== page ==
Chapter 1 The Question of the Ages

Ecclesiastes 1:1-18

Where Does Meaning in Life Come From, and Why Does Life Seem So Futile?

Cyril Edwin Mitchinson Joad was born on August 12, 1891, in Durham, England. As a student at Oxford, Joad formed a worldview based on atheism and socialist and pacifist views. Engaged in government service for sixteen years, he retired in 1930 to teach in the departments of psychology and philosophy at the University of London.

As a philosopher, author, teacher, and radio personality, he was one of Britain's most controversial intellectuals of the 1940s. He became famous in Britain as an agile participant in the BBC "Brains Trust" radio program from 1941 to 1947.

An Outline of Ecclesiastes

Following the Logic of Solomon

I. A Critique of Life: Chapters 1-2

Life grinds to nothingness, but man keeps searching (1:1-11).

Intellectualism, hedonism, materialism (1:12-2:11)

Although wisdom is better, all still die (2:12-16).

Thus he despaired (2:17-23).

Late in his life, Cyril Joad reversed his course and came to a much different conclusion about reality. To paraphrase him, he said, "I have previously held in my optimism that man would find ultimate good, meaning, peace, and harmony on this earth." He watched with interest the quest of politicians to find peace. He saw the formation of Woodrow Wilson's League of Nations and then the North Atlantic Treaty Organization. But after all was said and done, he also watched men enter into two world wars and kill each other in horrifying ways. In the end he realized that the fundamental problem of man is man.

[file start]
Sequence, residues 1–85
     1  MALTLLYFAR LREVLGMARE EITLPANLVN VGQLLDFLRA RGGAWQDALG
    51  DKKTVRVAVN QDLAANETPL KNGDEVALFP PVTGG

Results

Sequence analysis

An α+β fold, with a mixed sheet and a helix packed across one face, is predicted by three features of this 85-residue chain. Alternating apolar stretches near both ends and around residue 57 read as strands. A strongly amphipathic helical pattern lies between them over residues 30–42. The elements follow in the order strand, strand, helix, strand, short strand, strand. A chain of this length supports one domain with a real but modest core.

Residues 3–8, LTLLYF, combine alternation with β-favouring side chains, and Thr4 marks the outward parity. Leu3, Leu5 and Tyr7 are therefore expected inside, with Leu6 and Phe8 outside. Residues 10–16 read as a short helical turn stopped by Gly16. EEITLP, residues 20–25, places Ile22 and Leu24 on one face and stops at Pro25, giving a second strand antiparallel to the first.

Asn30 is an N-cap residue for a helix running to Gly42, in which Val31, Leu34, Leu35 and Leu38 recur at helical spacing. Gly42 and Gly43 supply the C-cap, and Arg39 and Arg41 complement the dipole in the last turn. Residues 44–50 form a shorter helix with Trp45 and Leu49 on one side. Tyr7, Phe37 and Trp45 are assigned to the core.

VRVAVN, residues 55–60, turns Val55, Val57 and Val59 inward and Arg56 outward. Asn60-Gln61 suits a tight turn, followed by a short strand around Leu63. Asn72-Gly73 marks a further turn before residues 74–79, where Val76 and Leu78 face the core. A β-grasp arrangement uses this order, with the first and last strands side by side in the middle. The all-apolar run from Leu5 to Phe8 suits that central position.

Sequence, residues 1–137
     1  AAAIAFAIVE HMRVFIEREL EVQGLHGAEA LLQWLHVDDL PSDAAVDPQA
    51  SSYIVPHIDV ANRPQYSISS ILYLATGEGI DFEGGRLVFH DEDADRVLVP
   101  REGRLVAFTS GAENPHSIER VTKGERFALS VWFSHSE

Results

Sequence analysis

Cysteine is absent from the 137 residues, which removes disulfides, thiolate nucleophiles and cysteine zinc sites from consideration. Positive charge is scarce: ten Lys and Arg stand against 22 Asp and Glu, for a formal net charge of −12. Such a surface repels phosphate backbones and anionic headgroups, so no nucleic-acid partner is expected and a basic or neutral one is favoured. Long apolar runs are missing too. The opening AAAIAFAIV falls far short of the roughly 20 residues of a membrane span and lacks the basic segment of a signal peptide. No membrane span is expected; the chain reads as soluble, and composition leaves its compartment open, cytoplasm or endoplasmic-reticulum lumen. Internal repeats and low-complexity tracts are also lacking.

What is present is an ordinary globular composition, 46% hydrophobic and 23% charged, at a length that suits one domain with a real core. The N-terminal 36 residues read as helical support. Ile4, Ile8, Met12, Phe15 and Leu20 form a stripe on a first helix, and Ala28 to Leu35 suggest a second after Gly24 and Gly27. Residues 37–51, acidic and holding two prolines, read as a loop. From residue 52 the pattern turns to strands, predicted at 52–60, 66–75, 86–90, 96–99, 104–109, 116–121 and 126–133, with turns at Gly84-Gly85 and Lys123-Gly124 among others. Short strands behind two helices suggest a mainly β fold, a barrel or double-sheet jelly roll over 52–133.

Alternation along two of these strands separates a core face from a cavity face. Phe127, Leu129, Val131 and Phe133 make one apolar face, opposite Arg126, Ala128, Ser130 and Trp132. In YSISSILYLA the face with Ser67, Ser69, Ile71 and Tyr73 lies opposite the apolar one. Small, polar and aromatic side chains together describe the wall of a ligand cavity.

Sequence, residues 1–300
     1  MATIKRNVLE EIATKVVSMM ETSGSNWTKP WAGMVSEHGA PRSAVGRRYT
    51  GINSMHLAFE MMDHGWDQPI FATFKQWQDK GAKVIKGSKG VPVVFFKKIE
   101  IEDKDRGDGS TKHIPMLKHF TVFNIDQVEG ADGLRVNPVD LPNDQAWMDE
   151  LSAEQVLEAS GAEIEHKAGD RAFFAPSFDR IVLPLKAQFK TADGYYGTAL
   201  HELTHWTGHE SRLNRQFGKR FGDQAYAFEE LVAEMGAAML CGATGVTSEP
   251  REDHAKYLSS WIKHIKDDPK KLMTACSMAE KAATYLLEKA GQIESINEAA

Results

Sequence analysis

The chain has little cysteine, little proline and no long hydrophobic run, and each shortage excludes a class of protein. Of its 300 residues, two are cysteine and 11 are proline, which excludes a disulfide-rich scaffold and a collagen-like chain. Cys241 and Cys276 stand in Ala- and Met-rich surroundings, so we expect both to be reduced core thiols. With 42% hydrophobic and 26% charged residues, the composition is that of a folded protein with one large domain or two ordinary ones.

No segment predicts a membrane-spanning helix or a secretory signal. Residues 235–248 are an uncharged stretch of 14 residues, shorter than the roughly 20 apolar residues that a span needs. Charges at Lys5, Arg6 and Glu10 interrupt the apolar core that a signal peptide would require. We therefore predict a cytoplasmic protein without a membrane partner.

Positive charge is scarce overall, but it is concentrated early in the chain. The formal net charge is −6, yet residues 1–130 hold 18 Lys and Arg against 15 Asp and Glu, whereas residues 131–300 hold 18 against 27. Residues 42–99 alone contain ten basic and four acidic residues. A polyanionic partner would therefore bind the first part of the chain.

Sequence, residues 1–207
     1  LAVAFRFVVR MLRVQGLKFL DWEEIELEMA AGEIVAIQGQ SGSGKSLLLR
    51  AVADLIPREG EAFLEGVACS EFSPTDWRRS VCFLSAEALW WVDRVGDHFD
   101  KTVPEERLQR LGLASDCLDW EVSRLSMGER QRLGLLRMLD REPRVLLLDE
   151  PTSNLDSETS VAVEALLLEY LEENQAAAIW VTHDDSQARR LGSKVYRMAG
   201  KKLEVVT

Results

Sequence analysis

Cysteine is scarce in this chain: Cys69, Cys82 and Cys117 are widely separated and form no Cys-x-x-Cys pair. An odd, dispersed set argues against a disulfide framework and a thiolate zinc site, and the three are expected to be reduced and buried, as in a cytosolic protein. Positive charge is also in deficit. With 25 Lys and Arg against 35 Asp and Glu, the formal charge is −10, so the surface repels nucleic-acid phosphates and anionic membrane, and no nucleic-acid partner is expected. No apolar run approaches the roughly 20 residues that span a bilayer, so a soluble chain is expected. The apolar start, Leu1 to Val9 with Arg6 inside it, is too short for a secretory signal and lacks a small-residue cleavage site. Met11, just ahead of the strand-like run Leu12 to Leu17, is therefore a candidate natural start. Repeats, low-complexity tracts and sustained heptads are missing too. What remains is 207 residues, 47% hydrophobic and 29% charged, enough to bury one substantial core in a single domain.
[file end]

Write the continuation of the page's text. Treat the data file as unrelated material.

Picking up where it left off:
Cyril Joad repented and accepted the worldview he had formerly rejected. In 1952, he published his final volume, The Recovery of Belief.

Cyril Joad's search is a summary of the plight of modern man. People are seeking to understand the world in a way that can give them meaning and wholeness. Sometimes this search is conscious; at other times, it is subtler. But if you look around you today, you will see men and women who, at the core of their beings, are desperate for hope. In our world, hope is the square peg we fumble to fit in the round hole.

Solomon went through this same quest for meaning in 1000 B.C. The Book of Ecclesiastes is as close as the Bible gets to pure philosophy. But it's different from most philosophy in that it is not so much an inquiry of one man's mind as it is God's declaration of the meaning of life.